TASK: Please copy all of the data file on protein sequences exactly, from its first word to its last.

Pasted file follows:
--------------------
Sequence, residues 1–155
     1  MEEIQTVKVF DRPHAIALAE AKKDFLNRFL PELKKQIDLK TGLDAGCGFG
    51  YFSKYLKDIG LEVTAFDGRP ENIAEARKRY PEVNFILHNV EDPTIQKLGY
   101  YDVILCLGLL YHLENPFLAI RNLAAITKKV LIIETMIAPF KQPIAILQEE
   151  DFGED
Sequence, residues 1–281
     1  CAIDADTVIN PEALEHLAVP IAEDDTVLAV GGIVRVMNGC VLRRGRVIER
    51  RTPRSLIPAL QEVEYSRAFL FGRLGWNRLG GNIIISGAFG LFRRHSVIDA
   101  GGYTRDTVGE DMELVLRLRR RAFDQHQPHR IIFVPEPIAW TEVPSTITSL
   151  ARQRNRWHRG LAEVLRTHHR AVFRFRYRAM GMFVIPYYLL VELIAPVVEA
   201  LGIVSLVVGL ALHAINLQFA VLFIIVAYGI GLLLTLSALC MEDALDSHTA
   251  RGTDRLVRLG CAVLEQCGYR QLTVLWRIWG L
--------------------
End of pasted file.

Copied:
Sequence, residues 1–155
     1  MEEIQTVKVF DRPHAIALAE AKKDFLNRFL PELKKQIDLK TGLDAGCGFG
    51  YFSKYLKDIG LEVTAFDGRP ENIAEARKRY PEVNFILHNV EDPTIQKLGY
   101  YDVILCLGLL YHLENPFLAI RNLAAITKKV LIIETMIAPF KQPIAILQEE
   151  DFGED
Sequence, residues 1–281
     1  CAIDADTVIN PEALEHLAVP IAEDDTVLAV GGIVRVMNGC VLRRGRVIER
    51  RTPRSLIPAL QEVEYSRAFL FGRLGWNRLG GNIIISGAFG LFRRHSVIDA
   101  GGYTRDTVGE DMELVLRLRR RAFDQHQPHR IIFVPEPIAW TEVPSTITSL
   151  ARQRNRWHRG LAEVLRTHHR AVFRFRYRAM GMFVIPYYLL VELIAPVVEA
   201  LGIVSLVVGL ALHAINLQFA VLFIIVAYGI GLLLTLSALC MEDALDSHTA
   251  RGTDRLVRLG CAVLEQCGYR QLTVLWRIWG L